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Protestors bombard electors with emails for Al Gore


December 17, 2000

WASHINGTON, Dec 17 (AFP) - Some members of the US Electoral College, who are due Monday to designate the 43rd President of the United States, have been targeted in a massive e-mail campaign encouraging them to cast their votes for Al Gore.

"VoteWithAmerica.com encourages you to make your voice heard by calling, e-mailing or writing to the electors to ask that they vote with America and elect Gore," reads a plea posted on the activist Web site paid for by the Citizens for True Democracy (CTD).

The site gives out the contact names and addresses of some 172 electors in 18 states due to cast their Electoral College vote for Republican President-elect George W. Bush, who was declared the final winner of the election.

Bush won 271 Electoral College votes and therefore the White House, with a tally of one more vote than the 270 that represented more than half the electoral college votes required to win the presidency.

Although Democratic ex-candidate Vice President Gore beat Bush in the popular vote in the US presidential election by some 337,000 votes, on Wednesday Gore officially conceded the battle to Bush.

After a five-week legal battle with the Bush camp to win the disputed 25 Florida votes, which he ultimately lost, Gore made clear he would support no renegade attempts to change the official Electoral College result.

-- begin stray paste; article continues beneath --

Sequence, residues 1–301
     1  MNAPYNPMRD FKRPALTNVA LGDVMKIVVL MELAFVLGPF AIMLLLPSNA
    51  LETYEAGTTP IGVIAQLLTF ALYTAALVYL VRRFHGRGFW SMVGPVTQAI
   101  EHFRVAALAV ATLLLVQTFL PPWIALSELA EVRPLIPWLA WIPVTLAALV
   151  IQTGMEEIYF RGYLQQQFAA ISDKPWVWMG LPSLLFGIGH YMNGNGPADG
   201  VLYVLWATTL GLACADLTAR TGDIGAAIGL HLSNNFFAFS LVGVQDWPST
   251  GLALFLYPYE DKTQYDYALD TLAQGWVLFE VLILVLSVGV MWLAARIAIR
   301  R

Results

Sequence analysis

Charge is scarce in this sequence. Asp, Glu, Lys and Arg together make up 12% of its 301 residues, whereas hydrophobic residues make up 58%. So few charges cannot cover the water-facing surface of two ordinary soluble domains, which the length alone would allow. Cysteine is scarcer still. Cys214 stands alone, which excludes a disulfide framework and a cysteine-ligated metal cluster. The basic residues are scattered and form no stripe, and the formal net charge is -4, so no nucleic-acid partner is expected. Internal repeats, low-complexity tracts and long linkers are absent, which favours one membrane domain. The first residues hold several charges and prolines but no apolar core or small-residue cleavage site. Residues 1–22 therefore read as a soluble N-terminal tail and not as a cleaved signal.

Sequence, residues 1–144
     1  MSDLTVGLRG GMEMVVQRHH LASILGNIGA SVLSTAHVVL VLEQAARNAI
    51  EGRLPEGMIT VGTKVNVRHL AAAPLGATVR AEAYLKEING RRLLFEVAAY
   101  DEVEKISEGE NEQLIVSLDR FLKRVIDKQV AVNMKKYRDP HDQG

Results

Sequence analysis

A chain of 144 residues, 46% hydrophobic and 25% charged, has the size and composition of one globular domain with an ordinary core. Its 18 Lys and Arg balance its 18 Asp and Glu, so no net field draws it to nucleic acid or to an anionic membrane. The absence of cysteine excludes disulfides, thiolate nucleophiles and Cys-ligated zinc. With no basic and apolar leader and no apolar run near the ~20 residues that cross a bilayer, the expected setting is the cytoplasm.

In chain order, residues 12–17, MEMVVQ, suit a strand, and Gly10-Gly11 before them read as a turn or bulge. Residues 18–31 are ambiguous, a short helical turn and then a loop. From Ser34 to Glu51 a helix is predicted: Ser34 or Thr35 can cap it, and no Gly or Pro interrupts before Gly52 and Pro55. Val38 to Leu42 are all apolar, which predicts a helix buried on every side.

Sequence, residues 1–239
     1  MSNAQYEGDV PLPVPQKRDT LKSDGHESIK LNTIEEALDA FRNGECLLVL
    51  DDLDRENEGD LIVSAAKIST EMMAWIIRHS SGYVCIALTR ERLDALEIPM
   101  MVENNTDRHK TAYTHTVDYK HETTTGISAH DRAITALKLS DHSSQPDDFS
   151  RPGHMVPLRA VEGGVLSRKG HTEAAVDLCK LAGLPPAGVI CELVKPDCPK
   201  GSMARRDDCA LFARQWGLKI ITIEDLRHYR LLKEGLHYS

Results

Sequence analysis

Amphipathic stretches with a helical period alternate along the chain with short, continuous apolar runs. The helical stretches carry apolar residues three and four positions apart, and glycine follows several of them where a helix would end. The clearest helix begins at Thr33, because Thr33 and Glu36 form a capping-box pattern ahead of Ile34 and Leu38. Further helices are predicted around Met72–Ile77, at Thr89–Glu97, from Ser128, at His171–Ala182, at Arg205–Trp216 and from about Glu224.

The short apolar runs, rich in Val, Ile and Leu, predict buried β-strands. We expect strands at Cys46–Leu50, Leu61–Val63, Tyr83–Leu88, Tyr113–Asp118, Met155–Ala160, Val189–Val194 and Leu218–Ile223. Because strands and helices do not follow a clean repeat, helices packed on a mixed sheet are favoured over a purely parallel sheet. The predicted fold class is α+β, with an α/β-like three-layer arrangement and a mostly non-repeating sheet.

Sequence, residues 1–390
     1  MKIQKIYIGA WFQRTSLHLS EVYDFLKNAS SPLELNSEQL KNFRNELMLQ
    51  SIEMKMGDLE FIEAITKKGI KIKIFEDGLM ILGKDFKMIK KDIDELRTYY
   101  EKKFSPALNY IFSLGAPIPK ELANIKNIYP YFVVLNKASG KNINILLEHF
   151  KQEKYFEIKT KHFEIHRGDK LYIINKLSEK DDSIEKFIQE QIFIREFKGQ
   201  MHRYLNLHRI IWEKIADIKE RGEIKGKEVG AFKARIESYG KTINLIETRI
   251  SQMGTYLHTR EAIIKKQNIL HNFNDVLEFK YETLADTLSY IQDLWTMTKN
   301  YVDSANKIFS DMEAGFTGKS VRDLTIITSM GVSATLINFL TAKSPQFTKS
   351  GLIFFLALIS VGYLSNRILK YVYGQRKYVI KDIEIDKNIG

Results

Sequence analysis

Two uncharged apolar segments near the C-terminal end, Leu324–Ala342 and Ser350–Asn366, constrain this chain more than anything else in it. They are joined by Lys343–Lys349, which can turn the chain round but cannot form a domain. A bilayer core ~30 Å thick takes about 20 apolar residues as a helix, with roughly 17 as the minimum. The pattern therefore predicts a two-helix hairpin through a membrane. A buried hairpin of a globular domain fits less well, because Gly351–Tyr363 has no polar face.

E-mail campaign organizers David Enrich, an expert on electoral reform, and Matt Grossman, the director of CTD, say their campaign "is based on the simple premise that the candidate that wins the most votes nationally should win the election."

According to the conservative Washington Times newspaper, dozens of electors have been bombarded with telephone calls and e-mails.

One third of the solicitations were appeals for votes for Gore, the daily reported.

Electoral College votes are allocated on the basis of the number of US Senators and member of the House of Representatives for each state.

The candidate who wins the majority of a state's popular vote is awarded the state's Electoral College votes.

Florida, the state where the presidential election played out for 36 agonizing days, has two senators and 23 representatives, for a total of 25 Electoral College votes.

In some states, however, electors are not obliged to vote for the winner.

Theoretically, the 2000 election would require just three "rogue electors" to change their votes, giving Al Gore, whose final tally was 267, the 270 he needed to move into the White House on January 20.

© 2000 Agence France-Presse


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